Illinois PSEP recently launched two online courses designed to prepare Illinois pesticide applicators for the turfgrass and ornamentals category exams. Each course is divided into sections covering Integrated Pest Management, Weed Pests, Insect Pests, Plant Diseases, and Application Equipment and Calibration. Content is delivered in short videos and immediately followed with knowledge check questions. While entirely optional, these questions will help you to determine your exam readiness and any concepts or topics you may want to reinforce in your exam preparation. Each course provides a linear flow of content that builds upon itself. However, you are free to navigate the course in any order you wish. Your progress will be automatically saved so that you can quickly pick up where you left off. Access to each course is available for a 30-day window upon purchase ($25 per course). You may review the course content as many times as you would like during your 30-day access window.
The online ornamentals training course will take approximately two hours to complete. International Society of Arboriculture (ISA) has approved this course for the following CEUs: Certified Arborist = 2, Utility Specialist = 1, BCMA Science = 0.75, BCMA Practice = 1.25.
The online turfgrass training course will take approximately two and a half hours to complete. Golf Course Superintendents Association of America (GCSAA) has approved this training for 0.35 points toward entry/renewal of Class A Membership and Certified Golf Course Superintendent (CGCS).
To register or view a list of the additional training courses, please visit Illinois PSEP’s Training & Testing web page.
Do you ever have the feeling that someone is watching you? Well, your intuitions may be correct, especially if you happen to be taking a pesticide certification exam. This should not come as too big of a surprise; Illinois Department of Agriculture (IDA) staff have always closely monitored individuals taking their pesticide certification exams. We are accustomed to taking those exams at in-person training and testing clinics. IDA recently introduced an online testing option to meet the anticipated certification needs. Online examinees are still monitored throughout the exam, albeit by a remote proctoring service.
A remote proctoring service monitors test takers from a separate location. These services are designed to provide a similar experience and level of security to that of an in-person testing session. During an exam, a proctor will have access to your webcam, microphone, and computer activity. This access is used to verify your identity and to track any unusual behavior such as looking off-screen, accessing unpermitted materials, speaking aloud, or allowing other people in the room. Many services also utilize artificial intelligence to help proctors identify small lighting or sound adjustments and unique behavioral patterns that may warrant further inspection.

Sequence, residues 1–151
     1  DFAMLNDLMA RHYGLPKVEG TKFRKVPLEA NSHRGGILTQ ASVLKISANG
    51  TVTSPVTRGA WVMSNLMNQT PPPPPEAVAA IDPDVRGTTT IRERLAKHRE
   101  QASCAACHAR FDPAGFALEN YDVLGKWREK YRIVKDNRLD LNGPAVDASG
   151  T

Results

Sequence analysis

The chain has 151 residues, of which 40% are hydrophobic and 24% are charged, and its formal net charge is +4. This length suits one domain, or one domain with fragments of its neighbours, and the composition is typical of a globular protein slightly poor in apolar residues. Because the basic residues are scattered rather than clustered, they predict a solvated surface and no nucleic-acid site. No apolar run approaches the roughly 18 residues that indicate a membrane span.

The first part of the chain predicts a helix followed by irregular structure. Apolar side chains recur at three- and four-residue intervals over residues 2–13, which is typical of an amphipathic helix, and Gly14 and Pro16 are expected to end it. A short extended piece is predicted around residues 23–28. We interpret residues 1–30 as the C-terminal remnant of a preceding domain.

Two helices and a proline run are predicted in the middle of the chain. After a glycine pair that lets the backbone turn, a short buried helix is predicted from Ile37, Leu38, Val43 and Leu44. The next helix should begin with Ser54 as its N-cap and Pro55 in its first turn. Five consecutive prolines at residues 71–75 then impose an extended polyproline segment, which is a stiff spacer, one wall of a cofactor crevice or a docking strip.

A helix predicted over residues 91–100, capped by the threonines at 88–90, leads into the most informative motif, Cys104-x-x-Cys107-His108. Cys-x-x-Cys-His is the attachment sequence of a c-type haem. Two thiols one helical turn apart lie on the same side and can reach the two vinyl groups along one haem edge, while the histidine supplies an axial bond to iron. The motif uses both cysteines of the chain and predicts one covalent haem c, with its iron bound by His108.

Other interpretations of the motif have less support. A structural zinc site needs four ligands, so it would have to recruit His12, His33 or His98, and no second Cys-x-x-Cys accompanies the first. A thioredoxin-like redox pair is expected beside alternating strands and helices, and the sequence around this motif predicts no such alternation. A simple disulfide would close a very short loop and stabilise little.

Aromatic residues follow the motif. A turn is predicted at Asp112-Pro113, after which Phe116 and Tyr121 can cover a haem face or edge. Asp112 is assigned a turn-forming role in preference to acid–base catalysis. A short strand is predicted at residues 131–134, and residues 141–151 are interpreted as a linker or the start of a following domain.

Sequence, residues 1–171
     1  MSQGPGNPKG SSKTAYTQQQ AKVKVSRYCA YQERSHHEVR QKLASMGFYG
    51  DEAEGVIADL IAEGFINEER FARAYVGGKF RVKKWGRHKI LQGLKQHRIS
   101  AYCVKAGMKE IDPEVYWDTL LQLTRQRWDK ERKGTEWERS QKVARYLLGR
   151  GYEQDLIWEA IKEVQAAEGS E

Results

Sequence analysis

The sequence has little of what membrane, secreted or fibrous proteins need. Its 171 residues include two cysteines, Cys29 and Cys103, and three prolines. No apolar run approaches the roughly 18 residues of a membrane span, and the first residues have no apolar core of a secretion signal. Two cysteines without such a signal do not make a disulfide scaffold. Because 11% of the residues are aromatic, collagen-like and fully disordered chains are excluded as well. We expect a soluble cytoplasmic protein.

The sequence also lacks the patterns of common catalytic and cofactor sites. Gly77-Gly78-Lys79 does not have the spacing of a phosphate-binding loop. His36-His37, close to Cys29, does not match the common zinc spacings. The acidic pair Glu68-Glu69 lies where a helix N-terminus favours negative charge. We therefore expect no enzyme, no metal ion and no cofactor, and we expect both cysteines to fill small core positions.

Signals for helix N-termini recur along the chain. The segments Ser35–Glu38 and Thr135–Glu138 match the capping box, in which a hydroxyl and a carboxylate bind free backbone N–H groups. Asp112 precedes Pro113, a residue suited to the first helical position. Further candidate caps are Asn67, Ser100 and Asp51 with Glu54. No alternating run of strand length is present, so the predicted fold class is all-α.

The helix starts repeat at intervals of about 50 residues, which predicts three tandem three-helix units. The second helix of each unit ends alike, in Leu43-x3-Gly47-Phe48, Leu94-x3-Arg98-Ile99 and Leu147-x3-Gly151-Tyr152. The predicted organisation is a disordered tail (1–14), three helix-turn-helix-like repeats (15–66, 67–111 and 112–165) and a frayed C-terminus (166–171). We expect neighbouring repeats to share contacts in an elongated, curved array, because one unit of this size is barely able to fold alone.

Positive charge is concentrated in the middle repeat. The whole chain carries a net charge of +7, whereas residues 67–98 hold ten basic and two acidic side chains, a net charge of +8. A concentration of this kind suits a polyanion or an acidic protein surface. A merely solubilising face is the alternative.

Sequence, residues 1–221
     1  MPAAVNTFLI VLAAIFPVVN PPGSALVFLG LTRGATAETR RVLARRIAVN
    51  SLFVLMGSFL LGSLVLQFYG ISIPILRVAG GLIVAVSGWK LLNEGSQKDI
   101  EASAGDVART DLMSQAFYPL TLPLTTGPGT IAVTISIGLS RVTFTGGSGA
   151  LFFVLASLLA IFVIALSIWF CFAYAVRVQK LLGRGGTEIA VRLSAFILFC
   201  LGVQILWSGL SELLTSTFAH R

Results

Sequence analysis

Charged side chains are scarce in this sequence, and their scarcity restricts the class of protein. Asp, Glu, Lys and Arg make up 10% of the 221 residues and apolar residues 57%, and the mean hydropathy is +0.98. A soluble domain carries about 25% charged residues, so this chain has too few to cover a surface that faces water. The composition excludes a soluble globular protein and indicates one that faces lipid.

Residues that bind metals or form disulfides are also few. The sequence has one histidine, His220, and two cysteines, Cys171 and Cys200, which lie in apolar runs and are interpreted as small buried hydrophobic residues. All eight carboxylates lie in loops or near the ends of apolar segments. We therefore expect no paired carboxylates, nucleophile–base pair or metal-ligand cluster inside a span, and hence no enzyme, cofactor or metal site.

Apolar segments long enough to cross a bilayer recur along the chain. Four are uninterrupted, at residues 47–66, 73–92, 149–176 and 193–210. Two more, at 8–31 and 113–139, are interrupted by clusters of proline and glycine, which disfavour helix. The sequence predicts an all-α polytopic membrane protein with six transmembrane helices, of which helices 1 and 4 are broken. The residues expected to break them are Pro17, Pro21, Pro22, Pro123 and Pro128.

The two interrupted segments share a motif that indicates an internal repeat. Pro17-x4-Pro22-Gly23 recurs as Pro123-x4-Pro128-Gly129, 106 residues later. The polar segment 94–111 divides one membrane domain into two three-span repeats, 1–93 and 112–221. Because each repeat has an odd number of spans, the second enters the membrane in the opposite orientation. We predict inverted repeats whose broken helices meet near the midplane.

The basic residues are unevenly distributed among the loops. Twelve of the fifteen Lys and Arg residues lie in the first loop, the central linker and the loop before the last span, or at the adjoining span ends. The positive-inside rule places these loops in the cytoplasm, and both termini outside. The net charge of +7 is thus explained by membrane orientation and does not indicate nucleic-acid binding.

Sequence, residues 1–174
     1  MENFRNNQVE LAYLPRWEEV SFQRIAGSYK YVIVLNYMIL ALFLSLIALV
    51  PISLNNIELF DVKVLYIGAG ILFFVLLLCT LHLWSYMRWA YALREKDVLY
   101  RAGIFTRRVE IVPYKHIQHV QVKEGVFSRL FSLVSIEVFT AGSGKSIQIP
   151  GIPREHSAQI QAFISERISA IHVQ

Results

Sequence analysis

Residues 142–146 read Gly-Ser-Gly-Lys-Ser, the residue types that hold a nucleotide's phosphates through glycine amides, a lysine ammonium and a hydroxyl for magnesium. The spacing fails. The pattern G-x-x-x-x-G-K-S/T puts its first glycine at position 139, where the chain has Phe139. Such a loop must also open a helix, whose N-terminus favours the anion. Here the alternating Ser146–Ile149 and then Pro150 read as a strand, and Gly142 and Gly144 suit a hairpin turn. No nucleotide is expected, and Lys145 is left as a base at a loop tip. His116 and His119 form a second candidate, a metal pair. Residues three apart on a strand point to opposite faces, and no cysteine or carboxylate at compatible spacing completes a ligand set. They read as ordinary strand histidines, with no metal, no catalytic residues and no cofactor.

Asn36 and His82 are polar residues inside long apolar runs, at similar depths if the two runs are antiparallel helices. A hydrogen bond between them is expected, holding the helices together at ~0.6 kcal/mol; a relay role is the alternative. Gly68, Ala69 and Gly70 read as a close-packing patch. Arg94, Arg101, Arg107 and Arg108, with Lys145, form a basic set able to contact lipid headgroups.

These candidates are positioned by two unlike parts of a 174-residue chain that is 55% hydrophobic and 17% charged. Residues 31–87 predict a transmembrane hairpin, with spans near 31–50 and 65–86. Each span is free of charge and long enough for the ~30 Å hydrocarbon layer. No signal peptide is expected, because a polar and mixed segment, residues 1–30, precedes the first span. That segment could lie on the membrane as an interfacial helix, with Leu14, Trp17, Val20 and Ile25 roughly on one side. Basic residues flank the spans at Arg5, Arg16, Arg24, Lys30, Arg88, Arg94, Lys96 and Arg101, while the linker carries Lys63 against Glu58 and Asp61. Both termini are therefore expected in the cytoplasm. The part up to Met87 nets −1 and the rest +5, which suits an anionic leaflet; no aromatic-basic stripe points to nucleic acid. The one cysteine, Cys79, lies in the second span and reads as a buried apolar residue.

While intrusive, remote proctoring is an essential component of offering online pesticide certification exams. Remote proctors ensure exams are secure, credible, and meet state and federal regulations (see 40 CFR 171.103). The proctor can access your computer only during the exam session, and all of their activity can be seen by test-takers in real-time, meaning they cannot perform any action without your knowledge.
IDA and numerous other academic and professional institutions utilize ProctorU to monitor their online exams. If you would like a better idea of what to expect from ProctorU, they have a video available that outlines the remote proctoring process and how to prepare for exam day. When you are ready to take your exam, begin the testing registration process at the Illinois PSEP Training and Testing Webpage.
IDA continues to offer an in-person testing option for individuals with privacy concerns, limited computer access, and those who strongly prefer traditional pencil and paper exams. In-person testing options remain limited due to the state’s COVID restrictions. Visit the IDA In-Person Testing Page to view locations and register for a session. IDA will continue to add new testing locations as they come available.
US EPA has made available on their Worker Protection Standard (WPS) materials website newly updated posters (and brochures) that can assist agriculture employers with WPS compliance as the posters convey required pesticide safety messages. These posters are available as FREE downloads for printing and are offered in several different sizes as well as 8 different languages including English, Spanish, Chinese, Haitian-Creole, Ilocano, Karen, Russian, Tagalog and Vietnamese.
The “Protect Yourself from Pesticides” posters are ideal for posting at central locations
and decontamination sites.
Additionally, alternative WPS posters and a vast collection of WPS resources including training materials, videos, handouts, and flipcharts are available at the Pesticide Educational Resources Collaborative website.